The true 'cue experience requires sticky fingers and greasy lips; platters of glistening meats are ... More »
Having seen the wrath of superstorm Sandy, two renovations and five different pitmasters, Swingbellys Beachside BBQ comes out swinging harder than ever. Credit pitmaster co-owner Dan Monteforte, who was on the scene when the place opened eight years ago and returns after a two-year absence.
To appreciate his skill, order your 'cue without sauce. An ingenious mix of dry-rub spices forms a pebbly coating on the meat, which is imbued with a haunting smokiness. Plump meaty chicken "swingz" are juicy, nuanced. So, too, are smoky, tender St. Louis ribs and pit-smoked chicken. Pulled pork, which often relies on a coat of BBQ sauce, stands proudly on its own. It's only brisket that comes out a trifle dry on one occasion, even when topped with pico de gallo, guacamole and sour cream in one of the restaurant's "smoke pit" tacos. Of the six kinds offered, the smoked pork belly version is the one to get.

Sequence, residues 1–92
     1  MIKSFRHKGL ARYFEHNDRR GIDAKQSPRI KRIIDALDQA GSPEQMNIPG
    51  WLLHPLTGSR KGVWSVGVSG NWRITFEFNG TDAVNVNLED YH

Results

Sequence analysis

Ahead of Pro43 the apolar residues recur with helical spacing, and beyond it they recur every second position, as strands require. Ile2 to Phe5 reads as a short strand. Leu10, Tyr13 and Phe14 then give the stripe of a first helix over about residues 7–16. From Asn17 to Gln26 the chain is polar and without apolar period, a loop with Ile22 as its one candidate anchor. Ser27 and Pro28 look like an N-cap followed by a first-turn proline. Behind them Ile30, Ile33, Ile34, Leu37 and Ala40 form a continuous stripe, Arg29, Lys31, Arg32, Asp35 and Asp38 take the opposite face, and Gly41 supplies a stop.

One specialty that should not be missed is the opulent "mac and Pete," a bowl of creamy, al dente mac and cheese laced with brisket burned ends, topped with crisp fried onions and served with a warm square of cornbread that's only subtly sweet and tastes of corn.
If you're lucky -- or smart -- enough to hit the place on a Tuesday, know that it's when fried chicken is served. It's crunchy, juicy and definitely worth waiting for. On the side: panko-topped mac and cheese, cleverly served in a little bread tin, as well as a BLT salad featuring excellent house-smoked bacon. Or get a sandwich. Both the brisket grilled cheese and the Cuban (featuring pulled pork, Swiss, ham, house-made pickles and mustard BBQ sauce) are winners.
Bacon crème brûlée capitalizes on the bacon-in-everything trend. It's a trifle greasy and easily bypassed in favor of a pecan pie that's appropriately first-rate.